I don’t know about you, but I hate finance. I hate looking at how much I’m spending. I hate looking at how little I’m earning. And I definitely do not enjoy opening the bills. So most of the time, all of these things get neglected, which really is not ideal when you have to do things like pay for heating, buy a house, or fill out your tax return. Anything to make all of these processes easier is, in my eyes, something magical.
And there are hundreds of apps to make finance easier. I mean, there’s an app for everything isn’t there – even where to find your nearest public loo on a lockdown walk when nature calls. But you need to try and choose the right ones. There’s no point downloading a load of tech onto your phone if you don’t use it. So we’ve put together a little list to help you out, whether you’re filling out your tax return or trying to split bills with your friends.
Quickbooks are the masters of finance and tech and they have several apps to keep you on top of your accounts. They’re aimed at freelancers and small businesses, so if you’re either one of these, listen closely. The first is QuickBooks accounting, which helps you create invoices, manage your expenses, keep an eye on your cash flow and view your profit and loss. Then there’s QuickBooks Self-Employed which makes it easy for contractors to track expenses, invoices and receipts, and then QuickBooks Small Business which does pretty much the same but for, you guessed it, small businesses. They also make things like paying HMRC a lot easier, you can keep on top of your expenses, receive reports that estimate your next tax bill, and live chat with experts in case you have no idea what you’re doing.
They also make things like paying HMRC a lot easier, you can keep on top of your expenses, receive reports that estimate your next tax bill, and live chat with experts in case you have no idea what you're doing.
3. HMRC App
This is a shout out to Her Majesty’s Revenue & Customs team. Normally we hate them. They take our tax, make us enter a million passwords to get on the portal and generally just make us feel uncomfortable – a bit like the Sheriff of Nottingham. However, they have their own app so you can feel closer connected to what’s going on with your taxes. It provides you with all your info such as your tax code, National Insurance number, an estimate of the tax you need to pay, and things like your income and benefits. You can use it to report tax changes, track correspondence, claim refunds and update details like your address. And hopefully it’ll make you feel better about the whole tax bill thing.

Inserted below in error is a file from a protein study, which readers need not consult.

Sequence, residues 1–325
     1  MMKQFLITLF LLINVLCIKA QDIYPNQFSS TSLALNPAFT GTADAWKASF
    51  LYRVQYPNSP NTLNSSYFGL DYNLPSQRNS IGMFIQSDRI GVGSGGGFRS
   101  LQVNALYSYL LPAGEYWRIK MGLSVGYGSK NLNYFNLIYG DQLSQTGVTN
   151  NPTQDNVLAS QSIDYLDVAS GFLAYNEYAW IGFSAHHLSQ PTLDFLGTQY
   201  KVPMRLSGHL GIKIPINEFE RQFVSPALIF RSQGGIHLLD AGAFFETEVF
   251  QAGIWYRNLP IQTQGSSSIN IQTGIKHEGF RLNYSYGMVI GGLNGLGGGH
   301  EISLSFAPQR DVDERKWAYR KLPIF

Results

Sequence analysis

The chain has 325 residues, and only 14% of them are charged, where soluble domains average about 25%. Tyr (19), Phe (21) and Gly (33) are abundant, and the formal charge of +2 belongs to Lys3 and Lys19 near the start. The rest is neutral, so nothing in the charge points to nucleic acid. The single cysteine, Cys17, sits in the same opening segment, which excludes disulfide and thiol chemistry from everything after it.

Cleo is similar to our previously mentioned chum Plum, but just with a little more sass. In fact, a lot more sass. The idea here is to make money counting and saving a fun activity with emojis and plenty of lols. Who would have thought finance could be fun? This app is a far cry from serious Colin in accounts. Aimed at younger audience, Cleo is free to use and FCA-registered. The app uses AI to talk to you like a real person, so you can chat to her via the app or Facebook like a friend and she’ll reply with tips, updates and advice. There’s also a blog for extra insight into money saving with GIFs and memes to make it lively. Cleo’s also not afraid to highlight your spending habits – type in “roast me” and she’ll dish some dirt on your finances RuPaul Drag Race style.
Cleo's also not afraid to highlight your spending habits – type in "roast me" and she'll dish some dirt on your finances RuPaul Drag Race style.
Back to serious Colin in accounts. He’s more likely to choose Moneyhub. It’s a simple, easy-to-use platform that outlines your spending, bills, and connects you to financial experts when you need them. It has forecast feature which predicts how much money you might have after a holiday or if you start saving. It also gives you a detailed account of where your money is being spent, such as on gas bills or travel. The only snag is that it’s not free, but it’ll help you fit that expenditure into your budget.
We’re very much enjoying that a lot of these apps are named after women. Women do run the world after all. And Emma is helping you do it one subscription at a time. The app is designed to filter out any subscriptions that aren’t needed, like that overpriced make-up subscription you drunkenly signed up to in lockdown 1. Or The Spectator subscription you opted in for but never read. The app also does all the other stuff too, like set budgets, track all your accounts in one place, keep an eye on your investments and helps you to pay off debt.
We're very much enjoying that a lot of these apps are named after women. Women do run the world after all. And Emma is helping you do it one subscription at a time.
When you’re planning your travels for the end of this year (here’s hoping), it’s also a good idea to plan your spending too. You don’t want to book a trip to Portugal only to realise you don’t have enough money to enjoy any of the restaurants when you get there. Revolut is a digital-only bank that helps you save and budget, much like its competitors Monzo and Starling Bank. The key for this is that there are no additional spending charges when you go abroad, you can withdraw cash fee-free and it comes with breakdowns of everything you are spending.
This app is probably not needed at the moment, but when we all get back into visiting restaurants and pubs with friends you’re going to need this in your pocket. Splitwise is a free cost-splitting app that allows you to divvy up bills between friends. The app keeps a running total of what is owed and then works out the percentage of who owes what to whom. The also sends out reminders at the end of each month, so you don’t have to feel awkward sending people reminders. It’s perfect for anyone who can’t use a calculator.